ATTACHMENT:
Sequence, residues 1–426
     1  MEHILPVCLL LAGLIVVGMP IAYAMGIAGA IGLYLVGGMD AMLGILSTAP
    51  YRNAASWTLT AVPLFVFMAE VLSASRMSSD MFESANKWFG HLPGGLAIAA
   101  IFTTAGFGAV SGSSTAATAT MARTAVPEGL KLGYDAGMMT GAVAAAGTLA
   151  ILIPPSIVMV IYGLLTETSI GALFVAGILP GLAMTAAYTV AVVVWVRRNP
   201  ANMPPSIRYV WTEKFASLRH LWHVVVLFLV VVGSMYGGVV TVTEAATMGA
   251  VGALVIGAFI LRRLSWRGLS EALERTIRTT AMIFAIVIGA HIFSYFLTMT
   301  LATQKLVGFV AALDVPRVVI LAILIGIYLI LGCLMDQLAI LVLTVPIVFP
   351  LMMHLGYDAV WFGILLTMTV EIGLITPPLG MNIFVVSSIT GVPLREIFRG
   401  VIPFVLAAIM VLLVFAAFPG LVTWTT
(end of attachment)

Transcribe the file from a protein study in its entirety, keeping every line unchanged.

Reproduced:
Sequence, residues 1–426
     1  MEHILPVCLL LAGLIVVGMP IAYAMGIAGA IGLYLVGGMD AMLGILSTAP
    51  YRNAASWTLT AVPLFVFMAE VLSASRMSSD MFESANKWFG HLPGGLAIAA
   101  IFTTAGFGAV SGSSTAATAT MARTAVPEGL KLGYDAGMMT GAVAAAGTLA
   151  ILIPPSIVMV IYGLLTETSI GALFVAGILP GLAMTAAYTV AVVVWVRRNP
   201  ANMPPSIRYV WTEKFASLRH LWHVVVLFLV VVGSMYGGVV TVTEAATMGA
   251  VGALVIGAFI LRRLSWRGLS EALERTIRTT AMIFAIVIGA HIFSYFLTMT
   301  LATQKLVGFV AALDVPRVVI LAILIGIYLI LGCLMDQLAI LVLTVPIVFP
   351  LMMHLGYDAV WFGILLTMTV EIGLITPPLG MNIFVVSSIT GVPLREIFRG
   401  VIPFVLAAIM VLLVFAAFPG LVTWTT